It seems like he lost it mentally b/c he was getting outplayed all over the field–he’s just not that good on the ball, and not quick enough to contain Barcelona in midfield..
It will be interesting to see if Mourinho sticks with him after this.
Also: it looks like Carvalho was a fraction of a second pulling forward and kept Abidal onside for Barça’s 2nd goal. And then the Portuguese central defender had two really bad tackles in the final minutes of the match: one on Messi that got him a yellow, and a 2nd on Adriano in extra time that prob should’ve seen him ejected.
After watching the second half of yesterday’s Clasico, I’m beginning to see Mourinho as Salieri to Guardiola’s Mozart. When a team of Madrid’s caliber gets schooled and forced into errant passes and frantic individual dribbles on offense and desperate tackles on defense, huffing shadow-chasing and hapless outreached hands pleading for offside calls that won’t come, the opposition must be touched by the divine; the divine stringing of passes, la pelota always kept just a fleeting inch away from Madrid’s lunging cleats, and importantly, the divine total defense, which at one point saw Özil attempting to dribble into the box only to be surrounded by seven (7!!) claret and blue shirts.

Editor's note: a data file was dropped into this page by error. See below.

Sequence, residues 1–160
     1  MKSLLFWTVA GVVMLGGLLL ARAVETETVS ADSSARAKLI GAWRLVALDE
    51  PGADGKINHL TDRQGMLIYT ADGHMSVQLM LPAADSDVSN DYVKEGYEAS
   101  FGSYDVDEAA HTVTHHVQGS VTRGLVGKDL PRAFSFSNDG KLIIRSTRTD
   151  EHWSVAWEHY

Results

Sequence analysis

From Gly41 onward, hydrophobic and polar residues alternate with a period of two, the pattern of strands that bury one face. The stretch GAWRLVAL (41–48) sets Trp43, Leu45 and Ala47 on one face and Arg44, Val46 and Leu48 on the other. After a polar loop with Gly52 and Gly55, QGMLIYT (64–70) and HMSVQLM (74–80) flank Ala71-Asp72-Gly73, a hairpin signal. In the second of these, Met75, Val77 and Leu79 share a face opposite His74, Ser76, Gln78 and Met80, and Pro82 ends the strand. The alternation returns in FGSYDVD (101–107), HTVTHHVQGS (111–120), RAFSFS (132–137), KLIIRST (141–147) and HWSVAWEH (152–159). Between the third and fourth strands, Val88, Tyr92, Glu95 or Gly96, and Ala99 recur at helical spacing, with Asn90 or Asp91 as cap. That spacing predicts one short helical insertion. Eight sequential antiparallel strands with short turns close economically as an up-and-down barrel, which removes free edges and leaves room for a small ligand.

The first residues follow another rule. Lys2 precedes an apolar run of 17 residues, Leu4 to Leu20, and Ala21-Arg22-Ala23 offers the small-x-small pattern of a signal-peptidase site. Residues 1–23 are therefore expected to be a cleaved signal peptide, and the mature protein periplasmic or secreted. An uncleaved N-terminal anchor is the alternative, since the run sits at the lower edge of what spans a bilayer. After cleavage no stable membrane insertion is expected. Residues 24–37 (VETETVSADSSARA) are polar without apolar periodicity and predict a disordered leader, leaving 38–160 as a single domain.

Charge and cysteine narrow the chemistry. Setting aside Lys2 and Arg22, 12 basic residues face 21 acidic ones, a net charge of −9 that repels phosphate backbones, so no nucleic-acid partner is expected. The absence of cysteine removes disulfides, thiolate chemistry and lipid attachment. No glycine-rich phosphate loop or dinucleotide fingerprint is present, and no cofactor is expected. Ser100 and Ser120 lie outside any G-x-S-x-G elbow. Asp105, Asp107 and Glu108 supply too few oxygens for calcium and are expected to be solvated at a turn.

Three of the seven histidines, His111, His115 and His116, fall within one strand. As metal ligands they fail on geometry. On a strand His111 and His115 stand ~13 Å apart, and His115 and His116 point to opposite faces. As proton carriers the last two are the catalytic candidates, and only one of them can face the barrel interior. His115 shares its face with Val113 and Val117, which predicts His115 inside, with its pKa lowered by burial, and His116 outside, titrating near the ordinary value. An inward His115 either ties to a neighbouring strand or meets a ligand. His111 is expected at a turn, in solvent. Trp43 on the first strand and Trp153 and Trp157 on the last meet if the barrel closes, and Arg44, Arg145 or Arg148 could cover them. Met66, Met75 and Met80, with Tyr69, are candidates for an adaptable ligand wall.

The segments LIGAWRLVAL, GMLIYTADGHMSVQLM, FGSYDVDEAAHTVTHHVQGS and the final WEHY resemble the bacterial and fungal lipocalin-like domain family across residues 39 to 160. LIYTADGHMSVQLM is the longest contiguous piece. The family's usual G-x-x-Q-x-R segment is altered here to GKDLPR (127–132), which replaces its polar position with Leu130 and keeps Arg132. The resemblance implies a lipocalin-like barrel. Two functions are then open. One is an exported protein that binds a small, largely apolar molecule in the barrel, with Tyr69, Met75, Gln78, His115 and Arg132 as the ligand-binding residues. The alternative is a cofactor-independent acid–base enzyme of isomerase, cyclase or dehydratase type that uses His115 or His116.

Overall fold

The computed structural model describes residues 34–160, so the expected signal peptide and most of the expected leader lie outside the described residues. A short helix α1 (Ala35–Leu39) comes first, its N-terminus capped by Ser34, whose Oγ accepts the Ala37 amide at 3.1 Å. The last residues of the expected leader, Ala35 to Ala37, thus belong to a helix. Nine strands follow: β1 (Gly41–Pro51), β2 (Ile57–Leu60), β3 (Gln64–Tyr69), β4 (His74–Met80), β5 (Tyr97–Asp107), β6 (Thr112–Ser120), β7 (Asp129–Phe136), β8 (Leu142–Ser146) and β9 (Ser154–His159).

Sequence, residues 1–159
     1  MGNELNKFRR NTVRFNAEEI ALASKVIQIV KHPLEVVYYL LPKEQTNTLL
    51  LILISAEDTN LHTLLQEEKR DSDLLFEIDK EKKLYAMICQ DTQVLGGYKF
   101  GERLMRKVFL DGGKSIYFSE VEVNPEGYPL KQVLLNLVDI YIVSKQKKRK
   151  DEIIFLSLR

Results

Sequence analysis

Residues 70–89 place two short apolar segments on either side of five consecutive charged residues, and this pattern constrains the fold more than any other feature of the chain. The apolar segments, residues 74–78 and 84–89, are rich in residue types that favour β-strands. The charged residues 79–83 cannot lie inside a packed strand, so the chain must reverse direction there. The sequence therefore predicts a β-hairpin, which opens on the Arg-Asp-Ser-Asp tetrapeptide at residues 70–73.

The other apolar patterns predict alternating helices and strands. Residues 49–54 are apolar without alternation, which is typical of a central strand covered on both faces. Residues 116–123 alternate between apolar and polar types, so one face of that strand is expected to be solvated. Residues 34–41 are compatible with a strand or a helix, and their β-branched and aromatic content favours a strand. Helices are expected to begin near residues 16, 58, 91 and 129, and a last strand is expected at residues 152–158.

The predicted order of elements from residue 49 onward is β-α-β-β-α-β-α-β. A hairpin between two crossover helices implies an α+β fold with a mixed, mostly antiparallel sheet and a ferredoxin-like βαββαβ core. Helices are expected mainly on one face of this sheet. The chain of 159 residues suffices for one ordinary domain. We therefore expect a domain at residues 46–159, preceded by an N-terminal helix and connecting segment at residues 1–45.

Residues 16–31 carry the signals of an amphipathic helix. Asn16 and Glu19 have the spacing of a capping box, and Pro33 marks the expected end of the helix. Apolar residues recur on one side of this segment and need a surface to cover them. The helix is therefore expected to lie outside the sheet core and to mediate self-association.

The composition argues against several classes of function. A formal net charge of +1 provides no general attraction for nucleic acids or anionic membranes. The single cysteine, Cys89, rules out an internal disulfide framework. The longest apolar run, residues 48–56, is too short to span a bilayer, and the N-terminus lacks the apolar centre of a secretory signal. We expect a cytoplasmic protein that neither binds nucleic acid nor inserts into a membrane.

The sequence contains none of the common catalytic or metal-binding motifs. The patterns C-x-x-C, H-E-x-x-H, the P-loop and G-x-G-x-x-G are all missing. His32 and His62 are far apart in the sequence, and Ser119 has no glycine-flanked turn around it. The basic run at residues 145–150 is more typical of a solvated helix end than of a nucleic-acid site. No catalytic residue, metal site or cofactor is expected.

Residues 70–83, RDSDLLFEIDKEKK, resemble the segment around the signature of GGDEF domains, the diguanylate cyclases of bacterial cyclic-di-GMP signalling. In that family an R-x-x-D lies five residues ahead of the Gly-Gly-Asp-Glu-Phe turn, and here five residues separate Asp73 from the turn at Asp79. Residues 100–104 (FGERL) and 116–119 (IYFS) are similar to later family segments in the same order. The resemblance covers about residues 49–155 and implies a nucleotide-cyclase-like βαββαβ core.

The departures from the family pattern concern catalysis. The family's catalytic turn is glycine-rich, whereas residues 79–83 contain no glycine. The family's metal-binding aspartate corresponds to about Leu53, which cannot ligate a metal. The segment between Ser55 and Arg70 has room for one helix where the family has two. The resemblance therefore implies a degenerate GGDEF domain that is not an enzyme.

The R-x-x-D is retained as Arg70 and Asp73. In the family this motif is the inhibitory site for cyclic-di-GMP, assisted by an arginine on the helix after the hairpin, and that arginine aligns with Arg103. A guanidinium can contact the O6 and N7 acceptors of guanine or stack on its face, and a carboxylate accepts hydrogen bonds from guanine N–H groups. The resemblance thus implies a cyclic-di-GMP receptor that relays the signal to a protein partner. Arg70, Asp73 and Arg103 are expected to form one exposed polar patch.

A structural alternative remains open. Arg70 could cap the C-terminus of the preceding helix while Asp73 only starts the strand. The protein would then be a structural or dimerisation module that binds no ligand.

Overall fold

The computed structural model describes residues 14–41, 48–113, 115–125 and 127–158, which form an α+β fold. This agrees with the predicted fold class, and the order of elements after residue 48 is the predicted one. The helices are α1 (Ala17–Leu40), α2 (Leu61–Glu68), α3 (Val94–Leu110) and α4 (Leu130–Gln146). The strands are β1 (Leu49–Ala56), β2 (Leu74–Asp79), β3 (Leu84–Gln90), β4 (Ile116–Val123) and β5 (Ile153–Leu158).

That is the intensity of Barca’s defensive strategy, immediate ganging up on the person with the ball, so that even if an opponent manages to dribble past one, or two, they never have the time to look for the pass because there will immediately be the third, and then its back to eluding the first again. Barca’s players attack at a leisurely tiki-taka pace, and save their bursts of speed for reclaiming the ball. This zealous, jealous demand for the return of the ball is as much part of the secret of their possession as it is their immaculate passing.